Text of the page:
In 1979 the National Aboriginal Council (NAC) resolved to seek a treaty (later known as a Makarrata) between the Aboriginal nation and the Commonwealth government. The government told the NAC in 1981 that it was willing to consider acknowledging prior Aboriginal occupation, but not possession, of Australia, but that it would not entertain the idea of a treaty. In September 1981 the NAC presented the government with a list of 24 demands, including substantial land and resource rights, self-government in ‘tribal territories’ and 5 per cent of gross domestic product for 195 years. In April 1982 Aboriginal Affairs Minister Peter Baume prepared a Cabinet submission recommending rejection of the 24 demands because of their poor drafting and extravagant claims, but indicating a willingness to pursue the concept of a Makarrata. However the submission was subsequently withdrawn.
The government was concerned about the possibility of demonstrations at the 1982 Commonwealth Games in Brisbane. In June the NAC announced that it would send a delegation to African countries to urge them to boycott the games. In August Queensland asked for Australian Federal Police (AFP) assistance during the games, including policing the marathon route. Cabinet was concerned that the AFP might be drawn into clashes with protesters and perhaps also African athletes and officials. Cabinet expressed a preference for not involving the AFP, but noted that this might have 'wider consequences'. Administrative Services Minister Kevin Newman was told to discuss the issue with Queensland. A land rights march in Central Brisbane on 7 October saw the arrest of 239 people, including Ann Stephen, daughter of the Governor-General.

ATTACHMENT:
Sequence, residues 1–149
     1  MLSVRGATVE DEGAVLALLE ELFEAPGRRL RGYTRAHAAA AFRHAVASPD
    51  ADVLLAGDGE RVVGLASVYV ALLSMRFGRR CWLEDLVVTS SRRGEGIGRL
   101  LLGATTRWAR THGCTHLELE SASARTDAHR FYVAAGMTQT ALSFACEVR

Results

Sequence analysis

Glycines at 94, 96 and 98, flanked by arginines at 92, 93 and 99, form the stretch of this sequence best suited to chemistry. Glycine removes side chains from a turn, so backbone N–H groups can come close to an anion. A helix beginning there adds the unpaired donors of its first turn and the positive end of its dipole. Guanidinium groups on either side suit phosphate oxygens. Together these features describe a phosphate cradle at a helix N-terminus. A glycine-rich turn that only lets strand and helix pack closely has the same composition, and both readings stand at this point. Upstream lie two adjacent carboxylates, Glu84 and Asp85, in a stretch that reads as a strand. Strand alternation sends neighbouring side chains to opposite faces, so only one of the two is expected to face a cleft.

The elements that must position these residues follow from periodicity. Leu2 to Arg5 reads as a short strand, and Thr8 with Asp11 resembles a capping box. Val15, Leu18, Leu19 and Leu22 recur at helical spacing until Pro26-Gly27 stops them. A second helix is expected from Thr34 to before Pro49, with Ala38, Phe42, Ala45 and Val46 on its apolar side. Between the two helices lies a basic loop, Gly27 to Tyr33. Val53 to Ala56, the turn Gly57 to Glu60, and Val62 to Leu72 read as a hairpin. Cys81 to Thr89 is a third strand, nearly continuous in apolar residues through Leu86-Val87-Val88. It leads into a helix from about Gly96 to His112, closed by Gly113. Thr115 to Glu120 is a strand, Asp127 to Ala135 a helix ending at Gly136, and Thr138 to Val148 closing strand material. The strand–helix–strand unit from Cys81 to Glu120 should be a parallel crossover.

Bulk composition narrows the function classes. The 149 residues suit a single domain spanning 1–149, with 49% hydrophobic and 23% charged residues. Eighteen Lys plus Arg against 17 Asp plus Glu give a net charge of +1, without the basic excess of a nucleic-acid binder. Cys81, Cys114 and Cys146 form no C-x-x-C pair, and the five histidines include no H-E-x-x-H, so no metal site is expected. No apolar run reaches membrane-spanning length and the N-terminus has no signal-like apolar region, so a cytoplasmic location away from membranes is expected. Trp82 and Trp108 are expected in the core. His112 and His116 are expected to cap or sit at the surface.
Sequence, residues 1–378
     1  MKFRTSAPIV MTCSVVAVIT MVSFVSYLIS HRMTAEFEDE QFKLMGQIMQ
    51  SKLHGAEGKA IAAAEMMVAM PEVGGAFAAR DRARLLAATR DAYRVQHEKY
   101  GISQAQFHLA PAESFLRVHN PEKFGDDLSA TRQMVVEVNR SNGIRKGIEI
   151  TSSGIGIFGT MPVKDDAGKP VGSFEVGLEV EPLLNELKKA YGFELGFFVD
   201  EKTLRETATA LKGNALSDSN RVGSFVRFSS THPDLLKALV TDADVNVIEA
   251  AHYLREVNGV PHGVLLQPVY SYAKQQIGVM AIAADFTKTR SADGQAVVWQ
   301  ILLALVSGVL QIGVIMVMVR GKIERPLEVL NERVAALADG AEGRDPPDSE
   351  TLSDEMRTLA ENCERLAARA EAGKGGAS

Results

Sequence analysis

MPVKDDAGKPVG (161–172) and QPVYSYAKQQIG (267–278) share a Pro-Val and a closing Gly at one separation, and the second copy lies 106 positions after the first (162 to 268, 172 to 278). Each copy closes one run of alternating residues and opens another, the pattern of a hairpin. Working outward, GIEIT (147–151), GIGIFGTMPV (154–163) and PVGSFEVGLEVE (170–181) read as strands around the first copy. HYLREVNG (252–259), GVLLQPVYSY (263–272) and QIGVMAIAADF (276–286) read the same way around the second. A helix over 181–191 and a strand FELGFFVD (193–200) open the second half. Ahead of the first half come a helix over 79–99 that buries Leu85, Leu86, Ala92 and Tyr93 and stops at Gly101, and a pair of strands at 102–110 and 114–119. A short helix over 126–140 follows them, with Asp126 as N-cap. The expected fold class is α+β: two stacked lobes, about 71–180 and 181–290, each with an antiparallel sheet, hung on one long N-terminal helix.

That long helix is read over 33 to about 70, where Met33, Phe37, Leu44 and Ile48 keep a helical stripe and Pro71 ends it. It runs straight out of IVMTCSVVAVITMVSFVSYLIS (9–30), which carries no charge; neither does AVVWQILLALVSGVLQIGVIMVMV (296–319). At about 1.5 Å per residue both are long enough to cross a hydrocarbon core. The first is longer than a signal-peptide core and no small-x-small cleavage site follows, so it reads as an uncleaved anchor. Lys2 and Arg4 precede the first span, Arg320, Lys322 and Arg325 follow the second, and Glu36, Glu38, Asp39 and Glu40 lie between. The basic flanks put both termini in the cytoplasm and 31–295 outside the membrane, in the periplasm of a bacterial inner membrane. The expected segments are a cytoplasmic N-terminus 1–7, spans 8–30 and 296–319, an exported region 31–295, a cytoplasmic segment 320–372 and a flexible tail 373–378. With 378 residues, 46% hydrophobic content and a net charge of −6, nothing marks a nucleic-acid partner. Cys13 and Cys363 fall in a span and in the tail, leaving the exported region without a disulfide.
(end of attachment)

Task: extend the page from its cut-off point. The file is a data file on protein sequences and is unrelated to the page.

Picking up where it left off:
In May 1983 Clyde Holding, Aboriginal Affairs Minister in the Hawke Government, told Cabinet that the economic and social progress of Indigenous people and the granting of land rights had been slowed by opposition from sectional and states’ rights interests. However he recommended a conciliatory approach to the further development of Indigenous rights, because a hard-line legislative and coercive approach would merely antagonise opponents. He proposed to introduce a resolution into the Parliament that would present the broad issues in a way that would commit the whole Parliament. The resolution would note that Aboriginal people were the prior occupants and original owners of Australia, that there had been no settlement with Aboriginal people when Europeans arrived and that since then they had been dispersed, dispossessed and their rights totally disregarded. Cabinet agreed to introduce the resolution in the Budget session of Parliament, but this did not take place.
The Hawke Cabinet also addressed the long-standing issue of the underpayment of Aboriginal and Torres Strait Islander people who served with the Australian Army during World War II. Some had been paid less than 10 per cent of European rates and the Attorney-General's Department advised that the government still had a legal obligation to make up outstanding pay and allowances unless it claimed the statute of limitations, which it was not normally Commonwealth policy to do. Cabinet agreed to make the payments, multiplied by an inflation factor of 11.